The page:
Rewind: 46 Years Ago On This Date in Cleveland


This July, Cleveland Scene will turn 50 years old, and in advance of the occasion, we've decided to dig into the archives on a weekly basis to republish something that appeared in the paper on that date (or thereabouts) during Scene's first decade.

This review of Lou Reed's 1974 album Rock 'n' Roll Animal by Crocus Behemoth, the pseudonym that local musician David Thomas used when he wrote for the paper, ran in the Scene issue dated Feb. 7, 1974, with the headline "Lou Reed's ANIMAL Kills!" and the subhead "Live recording of Reed's new band is an 'r&r orgasm.'"

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Lou Reed introduced his new band to the Midwest in November at the Akron Civic Theatre two guitarists, keyboardsman and rhythm section. He had them dressed in matching black outfits — leather pants, silver belts, body shirts. A death squad out of some cheapo sci-fi movie. He also wore black — leather pants and jacket and a silver chain hanging from his waist. Chic street punk.

The band was cooking for the first time on what was then a young tour and Reed was obviously happy about it as he jerked awkwardly around stage, guitar-less, occasionally knocking into mike stands and tripping over cables. Yeah, clumsy, but he was happy. During one extended instrumental he wandered over to a monitor and leaned his head into its speaker, merrily keeping time by beating his thigh with the chain. A picture of rock and roll bliss.

Reed and his band stunned the near sell-out crowd in Akron. It's hard to say what the audience had expected. Maybe another anemic, warmed-over version of The Velvet Underground, the kind of thing served up by Reed's previous band, The Tots. Maybe a wimpo "Walk On the Wild Side" pop poop show. Maybe whatever. They certainly didn't expect the obvious. Reed walked on stage with his band and unleashed a rock and roll overkill.

At a similar concert in New York City a month or so later, Reed and his band were recorded and the result is ROCK N' ROLL ANIMAL. A 40-minute sustained rock and roll orgasm. The ultimate rock and roll concert recording. The most important rock and roll album of the 70's. On and on. Make up anything. It'll be true.

ROCK N' ROLL ANIMAL is, as critics like to say, a momentous album. First off, it's the most intense rock and roll album released in this young decade. If the damn thing doesn't make the adrenalin in your body churn your innards to mush, you're dead people. Secondly, it's the most accessible album Reed has ever recorded and if future releases maintain some of this quality Reed is finally gonna make it as a Big Star.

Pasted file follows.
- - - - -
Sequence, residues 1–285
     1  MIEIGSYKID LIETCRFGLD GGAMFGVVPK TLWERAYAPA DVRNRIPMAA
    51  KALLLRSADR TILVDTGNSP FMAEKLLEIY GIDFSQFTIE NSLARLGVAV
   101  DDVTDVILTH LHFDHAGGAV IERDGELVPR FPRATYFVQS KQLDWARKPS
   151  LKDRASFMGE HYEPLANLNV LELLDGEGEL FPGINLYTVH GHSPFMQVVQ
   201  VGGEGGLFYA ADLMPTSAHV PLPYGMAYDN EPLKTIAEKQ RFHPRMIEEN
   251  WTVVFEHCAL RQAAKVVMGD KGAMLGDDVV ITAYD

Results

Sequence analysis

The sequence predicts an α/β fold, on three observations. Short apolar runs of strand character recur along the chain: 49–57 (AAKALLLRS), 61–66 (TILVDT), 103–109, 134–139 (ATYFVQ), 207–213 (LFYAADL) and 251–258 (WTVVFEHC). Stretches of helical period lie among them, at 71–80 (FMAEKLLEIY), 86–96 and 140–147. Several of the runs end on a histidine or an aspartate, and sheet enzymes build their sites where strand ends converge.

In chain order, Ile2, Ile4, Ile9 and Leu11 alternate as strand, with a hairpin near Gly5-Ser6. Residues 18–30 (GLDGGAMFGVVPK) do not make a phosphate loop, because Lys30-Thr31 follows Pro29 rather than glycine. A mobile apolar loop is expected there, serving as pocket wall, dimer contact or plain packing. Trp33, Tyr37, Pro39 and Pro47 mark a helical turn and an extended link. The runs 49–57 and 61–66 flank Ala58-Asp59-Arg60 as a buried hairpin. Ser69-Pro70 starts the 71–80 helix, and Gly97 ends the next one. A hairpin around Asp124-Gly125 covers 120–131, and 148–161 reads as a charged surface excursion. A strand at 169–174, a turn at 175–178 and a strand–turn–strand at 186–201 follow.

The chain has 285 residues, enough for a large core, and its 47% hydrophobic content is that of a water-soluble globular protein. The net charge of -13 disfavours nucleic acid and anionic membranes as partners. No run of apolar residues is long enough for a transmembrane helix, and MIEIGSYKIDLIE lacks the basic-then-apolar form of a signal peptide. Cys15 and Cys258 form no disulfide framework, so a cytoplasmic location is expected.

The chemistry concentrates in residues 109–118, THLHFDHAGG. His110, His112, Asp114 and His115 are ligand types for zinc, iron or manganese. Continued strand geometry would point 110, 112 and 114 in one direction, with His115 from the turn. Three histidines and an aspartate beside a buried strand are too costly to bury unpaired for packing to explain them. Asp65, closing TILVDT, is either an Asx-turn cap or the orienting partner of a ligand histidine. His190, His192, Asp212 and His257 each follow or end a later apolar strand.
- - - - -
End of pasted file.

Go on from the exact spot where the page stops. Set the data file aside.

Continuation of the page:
A lot of credit has got to go to Reed's new band. For the first time in his career he's got himself a real-live, cooking rock and roll band. They're good, real good. Especially guitarist Steve Hunter. In Akron they put on the best rock show I've seen in three years. For all The Underground's rawness and intensity, these new guys make 'em sound like wimps. Even the technical aspects of the album are exceptional. The sound quality of the instrumental tracks is so clean it's hard to believe ROCK N' ROLL ANIMAL is a live recording. It actually sounds better than a number of studio albums I've heard. Only the vocal tracks, for some reason, are weak, though that may have something to do with Reed's habit of ignoring the mike.

Four of the five songs on ROCK N' ROLL ANIMAL are old Underground material, almost the Very Best of The Underground — "Sweet Jane," "Heroin," "White Light/White Heat" and "Rock And Roll." The way they're performed here, however, they sound sparkling new. The Underground's primal dynamics have been super-charged by a strong dose of rock and roll. It's like a mad dog let loose. The dynamics have been so hyped up that listening to the thing is practically an electric sex fantasy.

A pretty and seductive intro opens Side 1. It's really an extension of the intro that precedes the original recorded version of "Sweet Jane." Hunter's guitar emerges from a double guitar riff and flows through an enticing and teasing lead that magically segues into the piledriver chords of "Sweet Jane."

"Heroin" follows. Thirteen minutes of a maddening tease that finally releases you to a frenzied rock and roll orgasm. Four times the tempo and intensity build to the point of no return, the tension becomes unbearable and you only want the band to break loose and four times the bastard denies you, cuts it off, returns to a slow, quiet melody. Each time a higher plateau of anticipation is hit and a higher threshold established until, finally, when you just can't stand it anymore, the band gives it to you full in the belly — a shuddering, bestial come of squelching guitars and a frenzied beyond-control beat.

The raw "White Light/White Heat" opens Side 2 with another bombardment. In concert, glaringly white lights blast across stage, part of the very effective light show designed for Reed by the people who do David Bowie's lighting.

"Lady Day," a haunting song from the BERLIN album, brings down the energy to a saner level, which is a relief. It's only a brief breather, however. The anthem "Rock and Roll" follows to end the album on a high level. Some fluid and powerful guitar leads motivate the track and a funky guitar break starts out calm and builds relentlessly as bass and drums emerge and all burst into a final mad climax.

ROCK N' ROLL ANIMAL isn't a nice album. It doesn't do pretty things for you. It kills. Turn up the volume all the way — it turns you into a beetle scuttling across the floor.